CES 2013 isn't just a celebration of the world's newest, biggest, smallest, fastest and curviest gadgetry. In among the smart TVs and booming home theatre systems, past legions of skinny laptops and squads of digital cameras, you can spot the technology that will shape the year ahead.
At CES 2012, the show was dominated by Windows 8 Ultrabooks, 3D OLED TVs, Android tablets, 4G LTE and quad-core processors. A year on, things have changed. Here's our pick of the best gadgets and tech of CES 2013.
1. Nvidia's Project Shield
CES occasionally surprises you and Nvidia's planned entry into mobile gaming with Project Shield has certainly raised a few (thousand) eyebrows. At first glance, it looks suspiciously like a PC gamepad glued to a 5-inch smartphone. But that's exactly what makes it so exciting.
This device runs the Android OS and so it can access any game on the Google Play store. Better still, it can stream games from any PC equipped with Nvidia's GeForce GTX 650 or from a laptop packing a GTX 660M GPU. The multi-touch display boasts an HD resolution of 1280 x 720 pixels, while inside beats the 72-core heart of a new Tegra 4 SoC, which is six times speedier than the excellent Tegra 3.
2. Qualcomm Snapdragon 800
And while we're talking mobile processors, Nvidia's Tegra 4 isn't the only new chip on the block. Samsung pointed us at its forthcoming 8-core Exynos 5 Octa, featuring the ARM A-15; while Intel introduced Bay Trail, its next-generation, 22nm quad-core Atom tablet platform. Not to be outdone, Qualcomm unveiled its 4K-capable Snapdragon 800 chips, which feature a quartet of Krait 400 cores and an improved Adreno 330 GPU. Thinking about buying a new phone or a tablet? We'd wait a while if we were you.
3. Sony Xperia Z
While most mobile manufacturers save their big smartphone launches for Mobile World Congress in February, Alcatel outed the 6.45mm-thick One Touch Idol Ultra, ZTE unveiled the Grand S and Huawei debuted its first Windows handset, the Ascend W1. All good phones. But not a patch on the waterproof Sony Xperia Z, which features a 1.5GHz quad-core Qualcomm APQ8064 processor, a 5-inch 1080 x 1920 pixel Reality Display and a 13MP camera.
4. Samsung Youm
When Apple launched the iPhone in 2007, its icon-based OS and 3.5-inch touchscreen revolutionised the smartphone. Five years on, we're still waiting for the next big leap forward in mobile design. Perhaps the Samsung Youm will enable the phones of 2014-2015 to make another leap. This OLED display uses thin plastic instead of glass, making the screen pliable, bendable and almost unbreakable.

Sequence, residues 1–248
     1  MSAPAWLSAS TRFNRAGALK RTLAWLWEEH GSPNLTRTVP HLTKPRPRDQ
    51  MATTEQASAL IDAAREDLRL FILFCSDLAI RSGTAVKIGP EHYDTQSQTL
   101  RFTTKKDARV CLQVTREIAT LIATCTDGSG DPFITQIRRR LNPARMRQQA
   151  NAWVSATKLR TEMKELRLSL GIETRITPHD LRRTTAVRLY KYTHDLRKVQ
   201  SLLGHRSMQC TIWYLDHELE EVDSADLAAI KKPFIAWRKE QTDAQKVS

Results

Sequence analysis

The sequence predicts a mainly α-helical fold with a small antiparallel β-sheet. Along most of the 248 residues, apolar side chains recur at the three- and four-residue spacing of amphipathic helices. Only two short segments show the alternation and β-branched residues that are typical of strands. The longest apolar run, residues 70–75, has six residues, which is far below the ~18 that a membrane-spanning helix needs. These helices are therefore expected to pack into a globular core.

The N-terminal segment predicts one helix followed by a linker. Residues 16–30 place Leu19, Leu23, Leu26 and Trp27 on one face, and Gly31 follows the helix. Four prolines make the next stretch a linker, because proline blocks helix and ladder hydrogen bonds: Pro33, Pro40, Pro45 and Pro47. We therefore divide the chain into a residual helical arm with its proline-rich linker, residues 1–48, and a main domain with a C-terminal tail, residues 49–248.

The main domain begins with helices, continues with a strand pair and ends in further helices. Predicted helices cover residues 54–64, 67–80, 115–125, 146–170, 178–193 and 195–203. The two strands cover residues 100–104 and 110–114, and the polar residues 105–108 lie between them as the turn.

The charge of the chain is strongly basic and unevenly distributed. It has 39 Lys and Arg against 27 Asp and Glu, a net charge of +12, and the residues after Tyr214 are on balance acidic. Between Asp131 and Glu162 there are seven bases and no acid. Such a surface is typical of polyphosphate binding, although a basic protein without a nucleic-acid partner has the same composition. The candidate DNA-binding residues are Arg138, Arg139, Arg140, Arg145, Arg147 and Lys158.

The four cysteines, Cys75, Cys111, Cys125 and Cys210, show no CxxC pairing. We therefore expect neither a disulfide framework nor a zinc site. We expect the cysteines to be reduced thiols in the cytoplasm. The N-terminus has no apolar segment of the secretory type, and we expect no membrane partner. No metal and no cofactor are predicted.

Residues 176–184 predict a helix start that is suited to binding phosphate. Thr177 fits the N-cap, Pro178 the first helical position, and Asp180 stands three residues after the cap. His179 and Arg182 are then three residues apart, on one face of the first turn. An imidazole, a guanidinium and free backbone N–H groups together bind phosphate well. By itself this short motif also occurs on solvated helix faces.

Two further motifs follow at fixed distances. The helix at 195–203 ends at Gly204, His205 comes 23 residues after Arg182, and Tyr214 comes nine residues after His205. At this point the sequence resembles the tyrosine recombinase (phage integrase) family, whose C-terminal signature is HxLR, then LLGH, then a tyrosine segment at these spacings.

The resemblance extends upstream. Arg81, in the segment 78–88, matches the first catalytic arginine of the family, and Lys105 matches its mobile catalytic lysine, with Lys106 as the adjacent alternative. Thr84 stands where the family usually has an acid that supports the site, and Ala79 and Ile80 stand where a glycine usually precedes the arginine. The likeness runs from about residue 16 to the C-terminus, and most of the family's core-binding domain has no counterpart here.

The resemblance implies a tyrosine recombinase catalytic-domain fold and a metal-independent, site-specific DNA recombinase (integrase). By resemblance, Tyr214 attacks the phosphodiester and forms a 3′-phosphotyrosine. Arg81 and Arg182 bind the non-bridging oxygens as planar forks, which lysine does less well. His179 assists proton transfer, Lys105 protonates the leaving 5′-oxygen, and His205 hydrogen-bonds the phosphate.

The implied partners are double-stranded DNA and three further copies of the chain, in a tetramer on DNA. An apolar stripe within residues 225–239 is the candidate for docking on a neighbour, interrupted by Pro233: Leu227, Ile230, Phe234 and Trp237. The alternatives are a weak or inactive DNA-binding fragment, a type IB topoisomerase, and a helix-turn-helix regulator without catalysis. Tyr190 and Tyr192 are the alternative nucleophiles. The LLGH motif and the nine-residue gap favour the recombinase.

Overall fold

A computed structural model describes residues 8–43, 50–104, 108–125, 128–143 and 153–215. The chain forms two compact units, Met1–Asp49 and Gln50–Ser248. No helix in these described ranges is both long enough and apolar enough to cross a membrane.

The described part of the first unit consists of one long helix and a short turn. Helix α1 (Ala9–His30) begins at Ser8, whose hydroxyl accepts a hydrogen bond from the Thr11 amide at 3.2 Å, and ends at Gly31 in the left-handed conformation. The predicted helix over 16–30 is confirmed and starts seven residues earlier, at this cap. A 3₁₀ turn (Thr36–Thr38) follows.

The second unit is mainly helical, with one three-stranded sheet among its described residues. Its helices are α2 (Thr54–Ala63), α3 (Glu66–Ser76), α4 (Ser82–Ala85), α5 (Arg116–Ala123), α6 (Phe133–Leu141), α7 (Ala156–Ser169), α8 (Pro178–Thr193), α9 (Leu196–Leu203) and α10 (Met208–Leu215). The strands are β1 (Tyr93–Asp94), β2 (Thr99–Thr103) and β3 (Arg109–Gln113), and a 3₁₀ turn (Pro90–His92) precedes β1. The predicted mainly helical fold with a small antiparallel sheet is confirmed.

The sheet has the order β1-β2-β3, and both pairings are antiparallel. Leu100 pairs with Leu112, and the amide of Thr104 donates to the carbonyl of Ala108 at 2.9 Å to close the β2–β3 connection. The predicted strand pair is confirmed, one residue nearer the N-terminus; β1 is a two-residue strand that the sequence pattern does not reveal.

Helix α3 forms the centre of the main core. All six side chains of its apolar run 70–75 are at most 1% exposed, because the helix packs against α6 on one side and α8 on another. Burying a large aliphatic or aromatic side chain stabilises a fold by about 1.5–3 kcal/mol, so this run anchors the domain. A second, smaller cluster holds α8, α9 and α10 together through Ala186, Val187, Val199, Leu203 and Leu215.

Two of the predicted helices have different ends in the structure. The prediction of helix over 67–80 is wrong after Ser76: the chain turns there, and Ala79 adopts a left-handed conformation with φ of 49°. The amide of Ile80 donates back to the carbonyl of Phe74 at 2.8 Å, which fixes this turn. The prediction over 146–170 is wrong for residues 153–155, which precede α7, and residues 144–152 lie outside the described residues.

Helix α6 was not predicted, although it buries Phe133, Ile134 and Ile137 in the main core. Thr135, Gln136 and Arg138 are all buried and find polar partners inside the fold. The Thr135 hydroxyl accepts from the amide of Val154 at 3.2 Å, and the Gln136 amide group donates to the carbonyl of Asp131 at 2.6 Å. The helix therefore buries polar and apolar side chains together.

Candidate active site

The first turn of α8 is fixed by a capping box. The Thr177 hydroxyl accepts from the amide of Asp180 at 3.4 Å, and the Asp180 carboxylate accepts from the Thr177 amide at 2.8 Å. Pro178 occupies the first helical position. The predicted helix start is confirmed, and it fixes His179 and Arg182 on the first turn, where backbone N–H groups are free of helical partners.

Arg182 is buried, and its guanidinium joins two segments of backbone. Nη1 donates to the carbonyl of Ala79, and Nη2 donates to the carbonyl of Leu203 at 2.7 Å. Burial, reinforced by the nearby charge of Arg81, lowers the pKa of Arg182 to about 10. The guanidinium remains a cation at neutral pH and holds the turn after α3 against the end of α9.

5. Panasonic 56-inch 4K OLED TV
If last year's CES was all about 3D OLED, then CES 2013 is a showcase for a new televisual fad - 4K, aka Ultra HD. Both Sony and Panasonic plugged in beautiful 56-inch prototypes, each laying claim to the title of "world's largest 4K OLED TV". If we had to choose a winner, we'd opt for Panasonic's stunning 3840 x 2160 pixel set. It's barely a half-inch thick, created with a special 3D printing technology that might finally enable the mass production of OLED TVs for sale, not just demo purposes.
6. Valve Steam Box
Just as Nvidia hopes to disrupt portable gaming with Project Shield, Valve has ambitious plans to grab a fat slice of the console pie with a Steam Box. The Piston concept from Xi3 shows just what Valve has in mind - a small, quiet, Linux-based system that plugs into your high-def telly and plays PC titles via the Steam network. It's important to point out that this dinky Piston box isn't Valve's official hardware. That's still in the works.
7. FitBit Flex
Wearable fitness technology isn't a new concept - you can already buy activity trackers such as the Jawbone Up and the Nike FuelBand. The FitBit Flex is the latest addition, a colourful wristband that monitors how many steps you've taken, the distance you've travelled, calories burned and your quality of sleep. Expect to see a surge in health and fitness gadgets this year, including smart watches and sensor/phone app systems.
8. Pebble Smartwatch
Vapourware? Far from it. Pebble CEO Eric Migicovsky used CES to announce that the Pebble Smartwatch will be shipping to Kickstarter backers on January 23.
9. Oculus Rift
Remember virtual reality? Strap the chunky Oculus Rift to your face and you can get up close and personal with two 640 x 800 LCDs, which combine into a high-def 1280 x 800 pixel display. It looks a lot like Nintendo's ill-fated Virtual Boy and brings back hazy memories of the 1990s, when VR gaming was an oddity, ultimately abandoned because of poor graphics, expensive hardware and joy-destroying lag. The Oculus Rift spearheads the rebirth of an old and enticing technology. And it seems to work...
10. Panasonic 4K tablet
Bucking the trend for compact 7-inch tablets like the Nexus 7 and iPad mini, Panasonic's prototype Windows 8 tablet boasts a 20-inch, 4K Ultra HD display with 10-point multi-touch. The good news? Thanks to a specification that includes a 1.8GHz Intel i5 3427U vPro processor, 4GB of RAM and Nvidia GeForce graphics, performance is zippier than many Windows tablets. The bad news? It weighs 2.5Kg, has a two-hour battery life and probably won't be aimed at consumers like us. Still, we can dream.
So what can we take away from this year's show?
- 4K is the new 3D
- Better phones will be launched at Mobile World Congress
- New mobile processors will lead to super-smartphones
- You'll soon be wearing (or using) a digital health gadget
- Virtual reality is back, baby
- Portable gaming is poised for a revolution
- Valve's Steam Box will challenge next-gen consoles
- Microsoft's Steve Ballmer remains one crazy dude
- We might need to watch Qualcomm's keynote again...
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